Aging in Place: New Tech for Cooking Safely

We’re getting older. That’s particularly true in northern Georgia, especially in the metro Atlanta area where the senior population climbed 20 percent in recent years.

Regardless of the zip code, about 87 percent of seniors are choosing to age in place at home rather than move to assisted living or a long-term care facility. This fact has resulted in significant expansion in assistive technology to help and protect seniors who are choosing to live independently.

Many assistive devices are centered on safety in the kitchen — and the stove in particular — because cooking fires account for nearly half of all in-home fires, according to the U.S. Fire Administration.

Walton Gas has found some exciting solutions for improving fire- and natural gas-related safety in the kitchen. From connected technology such as stove alarms and alerts to shut-off devices for a neglected gas stove, there are a growing number of products available to avoid potentially dangerous situations.

Natural gas stove safety devices are available in these general categories:

  • Explosive gas detectors that monitor for unusually high levels of natural gas in the home, such as when a gas stove burner is on without the flame.
  • Stove alarm/reminder that draw attention to a stove that has been left “on” with an audible and/or visual alert.
  • Stove shut-off devices that will automatically turn off a stove that has been left unattended.

Explosive gas detectors

Detecting the presence of too much natural gas is simple for most of us — we smell the scent of rotten eggs and know it’s time to investigate. For seniors whose sense of smell may have deteriorated, it’s sometimes not that easy to detect a high level of natural gas, such as when a gas stove burner is on without the flame.

The Postgraduate Medical Journal reports more than 75 percent of people over the age of 80 years have decreased smell function. This is a contributory factor in age-related increases in accidental gas poisonings and explosions.

To help those with a decreased sense of smell, Walton Gas found several natural gas detectors on the market, available at a wide array of prices. Among the highest-rated alarms found in local stores and online:

  • Kidde Nighthawk Carbon Monoxide and Explosive Gas Alarm is a multi-hazard alarm that plugs into a standard wall outlet and emits a loud alarm if gas levels become dangerous. It has a battery backup to provide continuous safety during an electricity outage. Price: $55 in local stores.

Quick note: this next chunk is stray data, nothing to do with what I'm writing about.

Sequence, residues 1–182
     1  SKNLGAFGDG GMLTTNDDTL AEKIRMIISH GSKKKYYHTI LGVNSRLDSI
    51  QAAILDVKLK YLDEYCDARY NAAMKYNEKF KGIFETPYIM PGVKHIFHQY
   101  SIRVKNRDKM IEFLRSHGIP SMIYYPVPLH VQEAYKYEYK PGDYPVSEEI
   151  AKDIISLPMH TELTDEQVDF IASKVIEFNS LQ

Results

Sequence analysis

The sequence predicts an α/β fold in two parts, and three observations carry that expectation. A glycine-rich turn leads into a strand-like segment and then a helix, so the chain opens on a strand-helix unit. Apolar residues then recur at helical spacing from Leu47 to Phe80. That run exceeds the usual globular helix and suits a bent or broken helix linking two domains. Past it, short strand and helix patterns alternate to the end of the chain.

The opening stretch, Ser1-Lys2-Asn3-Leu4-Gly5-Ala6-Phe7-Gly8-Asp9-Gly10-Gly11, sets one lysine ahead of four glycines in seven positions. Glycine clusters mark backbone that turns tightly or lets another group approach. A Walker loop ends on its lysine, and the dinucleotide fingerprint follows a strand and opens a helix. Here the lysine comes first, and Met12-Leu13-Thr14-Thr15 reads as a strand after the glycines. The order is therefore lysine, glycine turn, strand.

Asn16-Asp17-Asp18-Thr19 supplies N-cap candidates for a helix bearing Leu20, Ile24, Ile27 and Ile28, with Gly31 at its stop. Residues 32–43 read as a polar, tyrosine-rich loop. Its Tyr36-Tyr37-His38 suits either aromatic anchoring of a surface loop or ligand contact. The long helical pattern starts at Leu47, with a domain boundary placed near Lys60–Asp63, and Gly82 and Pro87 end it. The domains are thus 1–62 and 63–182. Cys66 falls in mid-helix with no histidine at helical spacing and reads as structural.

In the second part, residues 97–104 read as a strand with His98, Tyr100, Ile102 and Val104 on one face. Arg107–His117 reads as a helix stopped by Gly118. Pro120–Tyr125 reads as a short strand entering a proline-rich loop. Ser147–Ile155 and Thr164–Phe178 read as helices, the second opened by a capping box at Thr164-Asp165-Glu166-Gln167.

• Zorvo Digital Gas Detector is a plug-in alarm for explosive gas detection only. If a high gas concentration or flammable gas leak is detected, the alarm provides an audible signal loud enough to be heard throughout the home. Price: $26.

Stove alarms/reminders

Any cook, regardless of age, can become distracted and forget that a stove burner is on. Or, a burner can be accidentally turned on during cleaning or while socializing in the kitchen. Manufacturers now make a variety of products to alert when a burner is on. Some products available locally:

  • BurnerAlert is a battery-powered device that attaches to a gas stove’s burner knob. It beeps and blinks at pre-programmed intervals when a burner is on (with or without a flame). It continues to alert until the burner is turned off. Price: $70 for a pack of four.
  • 2Gig Stove and Grill Guard is a sensor that can be tied into some home security or automation systems. The sensor can send notifications to a smartphone or smart home panel when the knob is turned 20 degrees or more from the default “off” position. Price: $50 each (check website for local dealers).

Stove shutoff devices

Unattended cooking is the chief cause of kitchen fires. Now there are smart-home products that will shut off the stove in an alarm event, or shunt the service altogether, to prevent a potentially costly or deadly fire associated with a neglected stove. These devices are available direct from the manufacturers via online orders:

  • iGuard Stovedeveloped especially for those struggling with Alzheimer’s disease or dementia, uses a motion sensor and power box to determine if cooking is left unattended. A model made specifically for electric ignition gas stoves closes the gas valve and shuts off the stove after 5 minutes of inactivity is detected. Pushing a “resume” button reopens the valve to allow relighting the stove. Price: $695-$725.
  • FireAvert is a plug-in device that responds to the sound of a smoke alarm by automatically shutting off gas to a stove cooking forgotten-about food. Pitched on TV’s “Shark Tank,” the unit has an intelligent 30-second delay that allows for clearing out smoke before gas is automatically turned off. It’s maintenance free with no batteries. Price: $170.
  • Inirv React uses a combination of sensors and electronics to not only detect high levels of smoke, natural gas and lack of motion (if the cook leaves the kitchen), but also react and turn the stove off. The device sends real-time alerts if something is burning on the stove, but it can also be used to remotely monitor cooking food and modulate the burner temperature. The product was scheduled for delivery in March 2020, but has been delayed due to coronavirus closings. Preorders are available, according to the company’s website. Price: $279 for 4 burner controls and an overhead sensor unit.